Are OrangeTheory Calories Accurate? [Test]

Just like me, you’ve probably randomly heard about OrangeTheory, whether it’s from a friend, a close relative, or even during your ordinary workout session at the gym. For some reason, everyone wants you to join. “Hey man, wanna come to try out this OrangeTheory thing with me? I heard they use science in their workout classes”, that was what one of my guy friends told me one time when he was interested in joining them. These scientific claims intrigued me, so I decided to dig around for more info. As it turns out, during these classes, they use a device that calculates the number of calories burned, and this got me thinking, are OrangeTheory calories accurate?

Generally speaking, If you don’t have any factors negatively or positively affecting your heart rate, then your calorie burn estimation is relatively accurate. It’s true that calculating calorie burn using heart rate isn’t perfect, but it’s usually a fair estimation.

In this article, we’ll verify whether or not OrangeTheory calories are accurate, and talk about the best way to increase the accuracy of your burned calories estimation.

Is OrangeTheory Calories Accurate?

are orangetheory calories accurate?

While it’s hard to assess the accuracy of OrangeTheory’s calories burned estimation, we can still figure it out to a somewhat approximate degree.

The best way to do that is by comparing it to other accurate (in this case, an Apple Watch) calorie-counting devices to see if they share the same results.

The following comparison will be based on the average of multiple experiences of OrangeTheory members that I managed to find in various forums (source).

Here is what these members have to say:

  • “My Apple Watch is always 150’ish calories lower”
  • “OTF says ~500, Polar always runs about 100 more”
  • “My Apple Watch is consistently 100 to 125 calories below my HR monitor”
  • “My Apple Watch is consistently at least 200 calories higher”
  • “I burn 350-400 through OTF and typically 500 active calories on my watch”
  • “My Apple Watch Activity calories vs OTF Burn are almost the same”

As you can see, everyone has a unique experience that differs from everybody else. Whether their apple watch estimates numbers that are higher than their OTF calories counter or the complete opposite. Here is a graphic representation of all these experiences:

comparison of otf calories and apple watch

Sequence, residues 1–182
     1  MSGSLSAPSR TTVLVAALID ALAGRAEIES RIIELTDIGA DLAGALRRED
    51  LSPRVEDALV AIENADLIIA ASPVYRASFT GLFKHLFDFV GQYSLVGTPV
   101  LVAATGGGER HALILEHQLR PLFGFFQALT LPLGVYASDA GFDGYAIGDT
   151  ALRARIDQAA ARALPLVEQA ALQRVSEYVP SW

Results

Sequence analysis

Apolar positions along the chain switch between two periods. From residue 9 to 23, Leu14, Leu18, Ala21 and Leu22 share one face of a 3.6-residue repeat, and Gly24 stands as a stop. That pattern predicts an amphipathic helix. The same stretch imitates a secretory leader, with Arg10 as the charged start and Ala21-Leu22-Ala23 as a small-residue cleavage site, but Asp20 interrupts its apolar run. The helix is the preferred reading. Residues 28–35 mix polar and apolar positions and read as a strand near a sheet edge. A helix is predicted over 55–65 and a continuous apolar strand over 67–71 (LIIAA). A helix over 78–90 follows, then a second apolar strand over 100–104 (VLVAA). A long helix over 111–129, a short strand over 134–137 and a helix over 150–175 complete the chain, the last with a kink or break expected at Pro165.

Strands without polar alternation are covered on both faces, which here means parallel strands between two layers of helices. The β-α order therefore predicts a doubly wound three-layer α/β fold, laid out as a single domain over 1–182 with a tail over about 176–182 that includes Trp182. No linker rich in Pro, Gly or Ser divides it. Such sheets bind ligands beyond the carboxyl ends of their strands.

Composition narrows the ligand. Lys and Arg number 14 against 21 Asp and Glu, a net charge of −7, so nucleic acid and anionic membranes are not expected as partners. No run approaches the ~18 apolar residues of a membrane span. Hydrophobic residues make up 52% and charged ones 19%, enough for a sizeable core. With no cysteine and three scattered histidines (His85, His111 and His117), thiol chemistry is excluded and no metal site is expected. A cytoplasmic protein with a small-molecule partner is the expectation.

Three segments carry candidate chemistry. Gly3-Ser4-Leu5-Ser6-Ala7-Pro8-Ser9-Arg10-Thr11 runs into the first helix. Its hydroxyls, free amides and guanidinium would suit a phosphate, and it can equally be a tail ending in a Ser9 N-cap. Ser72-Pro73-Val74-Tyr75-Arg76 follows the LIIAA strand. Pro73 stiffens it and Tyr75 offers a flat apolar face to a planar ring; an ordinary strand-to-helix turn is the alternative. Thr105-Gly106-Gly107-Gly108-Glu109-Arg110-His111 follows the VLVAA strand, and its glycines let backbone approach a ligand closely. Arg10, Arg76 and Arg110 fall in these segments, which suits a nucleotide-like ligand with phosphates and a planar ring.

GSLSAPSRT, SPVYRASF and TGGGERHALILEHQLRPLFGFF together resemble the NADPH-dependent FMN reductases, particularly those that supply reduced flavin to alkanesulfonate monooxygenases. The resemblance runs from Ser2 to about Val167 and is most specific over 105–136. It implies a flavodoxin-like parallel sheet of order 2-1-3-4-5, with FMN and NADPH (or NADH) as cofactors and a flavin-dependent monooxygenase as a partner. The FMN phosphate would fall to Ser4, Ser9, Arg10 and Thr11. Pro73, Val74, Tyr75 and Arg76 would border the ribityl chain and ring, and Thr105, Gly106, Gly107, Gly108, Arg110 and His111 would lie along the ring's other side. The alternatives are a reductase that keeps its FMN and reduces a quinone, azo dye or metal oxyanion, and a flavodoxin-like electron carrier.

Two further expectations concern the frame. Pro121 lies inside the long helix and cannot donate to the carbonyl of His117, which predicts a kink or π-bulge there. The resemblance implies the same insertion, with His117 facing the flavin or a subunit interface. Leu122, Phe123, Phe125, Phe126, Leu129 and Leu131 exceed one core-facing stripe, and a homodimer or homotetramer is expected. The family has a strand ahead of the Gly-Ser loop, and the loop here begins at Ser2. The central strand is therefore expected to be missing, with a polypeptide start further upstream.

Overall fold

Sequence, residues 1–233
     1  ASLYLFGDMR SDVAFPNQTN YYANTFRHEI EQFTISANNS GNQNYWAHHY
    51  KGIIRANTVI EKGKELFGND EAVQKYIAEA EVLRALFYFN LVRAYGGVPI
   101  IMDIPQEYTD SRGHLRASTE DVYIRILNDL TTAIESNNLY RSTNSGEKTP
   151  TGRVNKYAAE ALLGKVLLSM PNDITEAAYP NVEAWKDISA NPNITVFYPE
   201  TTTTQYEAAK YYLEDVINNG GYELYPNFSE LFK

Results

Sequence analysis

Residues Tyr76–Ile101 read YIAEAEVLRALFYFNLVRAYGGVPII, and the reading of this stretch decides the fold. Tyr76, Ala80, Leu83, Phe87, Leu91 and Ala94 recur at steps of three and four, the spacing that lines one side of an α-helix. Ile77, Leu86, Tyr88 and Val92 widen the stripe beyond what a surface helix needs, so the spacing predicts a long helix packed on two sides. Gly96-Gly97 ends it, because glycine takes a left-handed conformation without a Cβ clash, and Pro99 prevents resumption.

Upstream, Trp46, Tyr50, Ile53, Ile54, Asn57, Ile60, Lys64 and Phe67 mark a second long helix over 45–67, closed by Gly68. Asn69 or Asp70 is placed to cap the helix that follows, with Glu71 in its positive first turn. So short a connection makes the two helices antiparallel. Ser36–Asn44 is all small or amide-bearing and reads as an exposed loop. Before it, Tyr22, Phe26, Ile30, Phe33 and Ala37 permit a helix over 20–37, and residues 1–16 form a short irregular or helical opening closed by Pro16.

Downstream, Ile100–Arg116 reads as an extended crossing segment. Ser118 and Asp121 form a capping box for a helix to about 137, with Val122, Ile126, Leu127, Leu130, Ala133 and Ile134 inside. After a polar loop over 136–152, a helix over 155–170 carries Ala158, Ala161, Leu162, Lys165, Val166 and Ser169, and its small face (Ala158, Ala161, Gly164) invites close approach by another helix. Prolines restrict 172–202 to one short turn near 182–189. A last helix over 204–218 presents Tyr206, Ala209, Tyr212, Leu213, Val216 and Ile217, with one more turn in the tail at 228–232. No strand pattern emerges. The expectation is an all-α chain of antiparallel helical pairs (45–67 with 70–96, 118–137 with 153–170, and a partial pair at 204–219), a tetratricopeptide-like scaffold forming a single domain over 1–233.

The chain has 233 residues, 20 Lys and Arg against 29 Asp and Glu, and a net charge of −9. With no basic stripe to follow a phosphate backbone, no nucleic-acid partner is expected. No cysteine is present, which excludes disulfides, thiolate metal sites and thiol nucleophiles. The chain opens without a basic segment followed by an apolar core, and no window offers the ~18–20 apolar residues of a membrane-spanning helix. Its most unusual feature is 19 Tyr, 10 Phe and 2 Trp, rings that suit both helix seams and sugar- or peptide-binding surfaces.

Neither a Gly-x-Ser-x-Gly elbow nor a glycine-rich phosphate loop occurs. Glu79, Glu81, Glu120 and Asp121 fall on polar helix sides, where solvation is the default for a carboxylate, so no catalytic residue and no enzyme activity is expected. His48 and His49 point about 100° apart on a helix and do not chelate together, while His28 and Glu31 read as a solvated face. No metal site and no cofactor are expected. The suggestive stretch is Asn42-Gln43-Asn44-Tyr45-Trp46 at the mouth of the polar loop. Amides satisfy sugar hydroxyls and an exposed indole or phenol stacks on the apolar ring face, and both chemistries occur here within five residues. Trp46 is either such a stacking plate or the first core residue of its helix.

Looking at this graph, we can tell that the Apple Watch’s calories burned estimation is usually lower than the OTF calorie counter, but that’s to be expected. The main reason behind that is the fact that Apple Watch measures active and total calories.

Active calories are the ones that your burn during a workout session while total calories add into consideration the calories that you burn while breathing air and basically just living.

OrangeTheory calorie estimations are total calories, meaning that they factor in all the calories that your body burns and not just the ones burned from the workout. And that’s exactly why OTF calorie estimation is usually higher than Apple Watch.

People who said that their Apple Watch indicates more calories burned than their OrangeTheory calorie counter usually don’t have the latter one set correctly or there is some sort of malfunction. And people that claimed to have the same results counted total calories as well.

Additionally, Calorie burn estimates based on heart rate alone are okay when doing steady-state cardio. However, they are grossly inaccurate when doing HIIT workouts such as the ones that you do in an OrangeTheory class.

So as a final verdict, OrangeTheory calories aren’t 100% accurate due to the fact that they factor in total calories burned and not just active ones, however, they’re considered a fair estimation that you should take with a grain of salt.

Best Way to Estimate Calories Accurately During an OrangeTheory Class

As I mentioned earlier, OrangeTheory calories aren’t 100% accurate, and I know what you’re thinking: “What’s the alternative? How can I count my calories accurately?”. Well, there are two alternative options that you can try.

Using multiple devices

The first and most accurate way of calculating your calories during an OrangeTheory workout is to use multiple calorie-counting devices at the same time including your OTF one and calculate their average after you finish your class.

These devices include an Apple Watch, FitBit, chest straps, and so on.

For example, after finishing your workout, if your OTF counter tells you that your burned 600 calories but your Apple Watch indicate a 400-calorie burn, just take the average of the two which is 500 and that should be your most accurate estimation.

Subtracting Active Calories

As we’ve established earlier, the OrangeTheory calorie counter calculates your total calories, meaning that it also includes the calories that your burn while living.

According to The Healthy Eating Guide, on average, your burn about 1800 calories per day while doing nothing (just from living), that’s 75 calories per hour, but that varies from one person to another. So to generalize, let’s just say that you burn 100 calories per hour from doing nothing. 

An OrangeTheory class is usually 1-hour long. This means that if you don’t have the possibility of using multiple devices, the best way to estimate calories accurately is by subtracting 100 calories from your final result shown in your OTF calorie counter. 


What we’ve learned today is that OrangeTheory calories aren’t fully accurate, especially since there are a lot of factors that can influence your heart rate. However, you can always do these alternative options to increase their accuracy:

  • Use multiple calorie counting devices and calculate their average.
  • Subtract the calories that get burned simply by living which is 100 per hour from the total calories in your device.

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